Posted By doug : October 24, 2013 4:10 pm

swac, you’re more of a world traveller than I-it must have been great to see both Ireland and Australia.
Not strictly movie stuff, but “Miss Fisher’s Murder Mysteries” are an excellent Australian TV series which take us back to Australia in the 1920′s-exotic and very fun.

Posted By gregferrara : October 25, 2013 1:26 am

Well, that’s two votes for Roan Inish. If I had the time or money, I’d travel to Ireland right now just to confirm it

Posted By gregferrara : October 25, 2013 1:28 am

Devlin – In Trader Hornee’s defense, I’m betting no one died during filming, except maybe someone’s pride or sense of dignity.

Posted By gregferrara : October 25, 2013 1:30 am

Danny – No, no, I agree that classic movies have exoticism in spades, and I want it to come back. By the way, since you mentioned it, So Big is one of my favorite films of the thirties and it’s not available anywhere. I’ve only ever seen it on TCM but I really wish it would get a DVD release.

Posted By gregferrara : October 25, 2013 1:32 am

Emgee, that’s definitely a part of why I say I recommend Trader Horn anyway, despite any awkwardness it instills in the viewer. So many classic movies are like time machines to the extent that any setting becomes exotic because it’s all so distant and gone forever.

Posted By vp19 : October 28, 2013 12:14 pm

That description of “Trader Horn” makes me think of that marvelous opening to “The Player,” where one of the fictional planned films discussed is a comedy where Goldie Hawn’s character winds up in a society of pygmies completely cut off from the rest of the world and they perceive her to be a giant goddess. One wonders if Robert Altman had seen “Trader Horn” in his youth.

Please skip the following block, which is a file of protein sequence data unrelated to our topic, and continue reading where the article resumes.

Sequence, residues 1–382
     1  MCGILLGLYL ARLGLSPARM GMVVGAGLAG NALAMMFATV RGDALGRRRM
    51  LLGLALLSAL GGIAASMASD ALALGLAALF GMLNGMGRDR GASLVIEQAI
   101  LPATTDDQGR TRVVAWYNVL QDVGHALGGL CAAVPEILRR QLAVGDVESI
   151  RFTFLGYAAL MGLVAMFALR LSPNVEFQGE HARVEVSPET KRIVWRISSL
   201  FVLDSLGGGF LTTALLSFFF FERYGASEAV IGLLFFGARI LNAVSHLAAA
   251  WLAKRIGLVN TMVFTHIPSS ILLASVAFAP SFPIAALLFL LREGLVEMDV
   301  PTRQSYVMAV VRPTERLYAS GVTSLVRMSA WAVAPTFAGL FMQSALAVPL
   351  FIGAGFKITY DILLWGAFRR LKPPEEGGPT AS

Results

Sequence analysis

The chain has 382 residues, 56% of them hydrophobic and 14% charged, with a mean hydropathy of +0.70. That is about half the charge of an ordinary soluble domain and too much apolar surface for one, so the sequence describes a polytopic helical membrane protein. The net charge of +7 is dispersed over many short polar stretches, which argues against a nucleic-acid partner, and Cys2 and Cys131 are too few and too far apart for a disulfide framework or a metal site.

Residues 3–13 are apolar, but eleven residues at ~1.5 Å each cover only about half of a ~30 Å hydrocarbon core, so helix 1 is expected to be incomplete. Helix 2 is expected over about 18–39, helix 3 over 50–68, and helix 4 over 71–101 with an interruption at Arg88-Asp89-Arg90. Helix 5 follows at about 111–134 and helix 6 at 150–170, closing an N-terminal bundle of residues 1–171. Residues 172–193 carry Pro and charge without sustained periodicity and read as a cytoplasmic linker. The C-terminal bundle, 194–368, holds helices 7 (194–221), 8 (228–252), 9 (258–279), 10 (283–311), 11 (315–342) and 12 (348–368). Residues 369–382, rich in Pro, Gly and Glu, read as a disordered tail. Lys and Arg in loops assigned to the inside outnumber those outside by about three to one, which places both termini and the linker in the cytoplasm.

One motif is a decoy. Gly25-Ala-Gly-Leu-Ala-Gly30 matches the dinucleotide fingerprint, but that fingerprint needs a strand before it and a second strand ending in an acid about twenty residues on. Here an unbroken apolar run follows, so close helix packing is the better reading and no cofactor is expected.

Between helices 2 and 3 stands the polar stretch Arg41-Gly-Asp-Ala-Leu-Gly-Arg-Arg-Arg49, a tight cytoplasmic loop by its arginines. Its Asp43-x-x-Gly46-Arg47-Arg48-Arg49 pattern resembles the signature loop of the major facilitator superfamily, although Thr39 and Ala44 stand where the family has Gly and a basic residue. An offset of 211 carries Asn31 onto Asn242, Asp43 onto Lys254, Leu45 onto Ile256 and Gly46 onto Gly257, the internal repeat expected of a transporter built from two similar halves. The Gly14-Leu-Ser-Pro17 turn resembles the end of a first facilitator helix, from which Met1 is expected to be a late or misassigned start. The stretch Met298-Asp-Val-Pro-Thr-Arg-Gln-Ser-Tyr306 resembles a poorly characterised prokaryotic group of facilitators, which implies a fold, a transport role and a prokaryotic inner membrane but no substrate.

Leave a Reply

Current day month ye@r *

MovieMorlocks.com is the official blog for TCM. No topic is too obscure or niche to be excluded from our film discussions. And we welcome your comments on our blogs and bloggers.
See more: facebook.com/tcmtv
See more: twitter.com/tcm
3-D  Action Films  Actors  Actors' Endorsements  Actresses  animal stars  Animation  Anime  Anthology Films  Art in Movies  Autobiography  Avant-Garde  Aviation  Awards  B-movies  Beer in Film  Behind the Scenes  Best of the Year lists  Biography  Biopics  Blu-Ray  Books on Film  Boxing films  British Cinema  Canadian Cinema  Character Actors  Chicago Film History  Cinematography  Classic Films  College Life on Film  Comedy  Comic Book Movies  Crime  Czech Film  Dance on Film  Digital Cinema  Directors  Disaster Films  Documentary  Drama  DVD  Early Talkies  Editing  Educational Films  European Influence on American Cinema  Experimental  Exploitation  Fairy Tales on Film  Faith or Christian-based Films  Family Films  Film Composers  Film Criticism  film festivals  Film History in Florida  Film Noir  Film Scholars  Film titles  Filmmaking Techniques  Films of the 1980s  Food in Film  Foreign Film  French Film  Gangster films  Genre  Genre spoofs  HD & Blu-Ray  Holiday Movies  Hollywood history  Hollywood lifestyles  Horror  Horror Movies  Icons  independent film  Italian Film  Japanese Film  Korean Film  Literary Adaptations  Martial Arts  Melodramas  Method Acting  Mexican Cinema  Moguls  Monster Movies  Movie Books  Movie Costumes  movie flops  Movie locations  Movie lovers  Movie Reviewers  Movie settings  Movie Stars  Movies about movies  Music in Film  Musicals  Outdoor Cinema  Paranoid Thrillers  Parenting on film  Pirate movies  Polish film industry  political thrillers  Politics in Film  Pornography  Pre-Code  Producers  Race in American Film  Remakes  Revenge  Road Movies  Romance  Romantic Comedies  Satire  Scandals  Science Fiction  Screenwriters  Semi-documentaries  Serials  Short Films  Silent Film  silent films  Social Problem Film  Sports  Sports on Film  Stereotypes  Straight-to-DVD  Studio Politics  Stunts and stuntmen  Suspense thriller  TCM Classic Film Festival  TCM Underground  Television  The British in Hollywood  The Germans in Hollywood  The Hungarians in Hollywood  The Irish in Hollywood  Theaters  Thriller  Trains in movies  Underground Cinema  VOD  War film  Westerns  Women in the Film Industry  Women's Weepies